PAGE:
To our surprise during the conception of this experiment, the 7.3 mm diameter iatrogenic ventricular septal defect recoiled acutely and then healed spontaneously and completely in every case. This is consistent with reports of spontaneous closure of traumatic ventricular septal defects, summarized by Dehgani and colleagues [11]. This also is consistent with the difficulty we experienced attempting to create an animal model of muscular ventricular septal defect without mural laser ablation [9]. Presumably the immediate recoil facilitates rapid healing, despite the large transseptal pressure gradient, manifest as a clinically-insignificant fibrotic tract after four weeks. The volume of septal scar is comparatively smaller than small CMR defects generated during otherwise uncomplicated percutaneous coronary intervention [18]. Liu and colleagues [12] report a similar “transventricular-transseptal” approach with a 5 cm subxiphoid incision to deliver a transcatheter aortic valve implant. They chose to close the iatrogenic ventricular septal defect with a nitinol occluder where our experience suggests this may be unnecessary.

Possible advantages of our approach compared with surgical or percutaneous transapical LV access include (1) subxiphoid access without intercostal injury and pain for transthoracic transapical access; (2) reduced cameral-pericardial pressure gradient contributing to bleeding across the access tract; (3) lower likelihood of major epicardial coronary artery injury from access across the RV free wall compared with the LV apex; (4) an extrapleural and subxiphoid trajectory reducing the risk of pulmonary injury and avoiding intercostal width and trajectory constraints. Possible disadvantages of our approach include (1) injury to the interventricular septum causing a persistent ventricular septal defect or conduction abnormality, even though we observed neither in this preclinical experience; (2) shorter intracavitary “working distance” to the mitral or aortic valves compared with transapical access, and angulated entry to the aortic valve; (3) possible interference with the endocardial closure device by RV mural trabeculation, a phenomenon we did not observe in this preclinical experience; and (4).pulmonary hypertension related valve disease might reduce the proposed benefit of lower pressure gradient across the RV free wall.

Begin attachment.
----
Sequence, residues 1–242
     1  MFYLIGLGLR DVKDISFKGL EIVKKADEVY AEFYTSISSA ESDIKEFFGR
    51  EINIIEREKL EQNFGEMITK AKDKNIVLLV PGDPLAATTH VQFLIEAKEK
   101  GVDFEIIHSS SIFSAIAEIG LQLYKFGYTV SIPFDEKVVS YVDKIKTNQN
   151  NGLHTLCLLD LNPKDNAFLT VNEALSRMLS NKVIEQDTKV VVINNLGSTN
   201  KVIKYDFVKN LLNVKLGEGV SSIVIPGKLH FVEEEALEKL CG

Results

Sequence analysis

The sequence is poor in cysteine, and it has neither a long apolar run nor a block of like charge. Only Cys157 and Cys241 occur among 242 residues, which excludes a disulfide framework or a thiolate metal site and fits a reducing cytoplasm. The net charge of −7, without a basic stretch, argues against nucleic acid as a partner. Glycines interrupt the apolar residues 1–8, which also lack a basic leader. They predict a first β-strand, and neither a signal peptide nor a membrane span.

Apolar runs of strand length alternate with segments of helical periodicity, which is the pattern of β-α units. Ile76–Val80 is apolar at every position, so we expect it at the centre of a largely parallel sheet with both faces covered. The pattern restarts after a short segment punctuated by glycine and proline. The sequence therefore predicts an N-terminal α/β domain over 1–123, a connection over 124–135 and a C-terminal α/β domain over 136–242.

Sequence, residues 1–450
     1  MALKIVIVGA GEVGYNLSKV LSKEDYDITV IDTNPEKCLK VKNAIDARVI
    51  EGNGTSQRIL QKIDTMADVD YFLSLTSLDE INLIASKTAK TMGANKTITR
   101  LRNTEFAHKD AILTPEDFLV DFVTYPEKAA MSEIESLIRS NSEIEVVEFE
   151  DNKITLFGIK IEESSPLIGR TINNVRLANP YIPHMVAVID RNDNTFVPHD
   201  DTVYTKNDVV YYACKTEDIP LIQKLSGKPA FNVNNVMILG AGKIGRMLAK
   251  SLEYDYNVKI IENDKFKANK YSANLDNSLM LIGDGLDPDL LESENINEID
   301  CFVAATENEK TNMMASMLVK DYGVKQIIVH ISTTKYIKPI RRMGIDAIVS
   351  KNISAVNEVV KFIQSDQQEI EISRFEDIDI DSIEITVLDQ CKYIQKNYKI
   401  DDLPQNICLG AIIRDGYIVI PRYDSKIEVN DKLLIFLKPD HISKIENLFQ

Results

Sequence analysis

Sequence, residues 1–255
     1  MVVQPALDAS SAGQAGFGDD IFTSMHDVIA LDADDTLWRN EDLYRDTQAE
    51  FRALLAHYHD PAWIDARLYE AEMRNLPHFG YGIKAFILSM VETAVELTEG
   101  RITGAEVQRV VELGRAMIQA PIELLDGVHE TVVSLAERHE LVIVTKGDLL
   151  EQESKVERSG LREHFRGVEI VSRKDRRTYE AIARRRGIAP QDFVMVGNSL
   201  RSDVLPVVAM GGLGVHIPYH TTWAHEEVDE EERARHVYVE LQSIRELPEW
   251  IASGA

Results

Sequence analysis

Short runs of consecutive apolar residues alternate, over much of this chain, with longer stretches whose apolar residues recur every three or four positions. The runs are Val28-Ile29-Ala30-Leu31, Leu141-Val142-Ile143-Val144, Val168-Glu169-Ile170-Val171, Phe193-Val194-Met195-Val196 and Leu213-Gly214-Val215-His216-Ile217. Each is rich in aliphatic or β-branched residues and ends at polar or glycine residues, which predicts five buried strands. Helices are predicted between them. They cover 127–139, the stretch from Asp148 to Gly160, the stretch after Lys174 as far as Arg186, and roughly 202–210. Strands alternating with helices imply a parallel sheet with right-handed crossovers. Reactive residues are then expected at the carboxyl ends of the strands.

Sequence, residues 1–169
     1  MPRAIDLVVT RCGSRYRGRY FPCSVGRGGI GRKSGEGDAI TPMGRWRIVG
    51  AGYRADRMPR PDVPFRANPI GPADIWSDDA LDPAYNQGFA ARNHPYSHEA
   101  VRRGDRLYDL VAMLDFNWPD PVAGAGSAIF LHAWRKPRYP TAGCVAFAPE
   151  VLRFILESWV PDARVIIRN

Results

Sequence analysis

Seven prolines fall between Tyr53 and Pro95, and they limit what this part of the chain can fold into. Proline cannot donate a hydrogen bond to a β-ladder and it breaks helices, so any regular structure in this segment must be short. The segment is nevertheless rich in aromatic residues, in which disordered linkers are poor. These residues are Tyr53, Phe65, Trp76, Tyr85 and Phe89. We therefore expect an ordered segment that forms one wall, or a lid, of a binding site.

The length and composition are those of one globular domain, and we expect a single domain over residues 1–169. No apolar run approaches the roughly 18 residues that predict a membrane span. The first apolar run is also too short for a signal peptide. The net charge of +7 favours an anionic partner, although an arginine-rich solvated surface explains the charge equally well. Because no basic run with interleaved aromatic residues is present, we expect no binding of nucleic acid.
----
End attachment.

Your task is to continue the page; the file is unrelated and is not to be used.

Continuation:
There is little tolerance for risk in a transcatheter alternative to surgery. For this procedure, we have developed techniques to mitigate risk. First, a separate pericardial catheter drain is placed at the beginning of the procedure, intended to separate the pericardial walls by transient fluid installation. This drain can decompress the pericardium in an emergency. Second, an ancillary “buddy” guidewire may allow transcatheter rescue should the nitinol closure device accidentally be withdrawn through the right ventricular free wall. In our prior preclinical report of direct transthoracic repair of ventricular septal defect [9], inadvertent RV pull-through was an observed adverse event for which we proposed to apply a balloon-tipped delivery sheath. However, in the current series, there were no inadvertent RV pull-through events. Third, bailout surgical repair of RV free wall perforation is technically feasible. Finally, preliminary feasibility of device closure of cardiac free walls has been suggested by numerous clinical reports of closure of cardiac perforations using unmodified Amplatzer Septal Occluder devices [19], of transapical LV access ports up to 12Fr using Amplatzer Duct Occluders [20], or of intraoperative closure of perforations with Amplatzer Muscular VSD Occluder [21].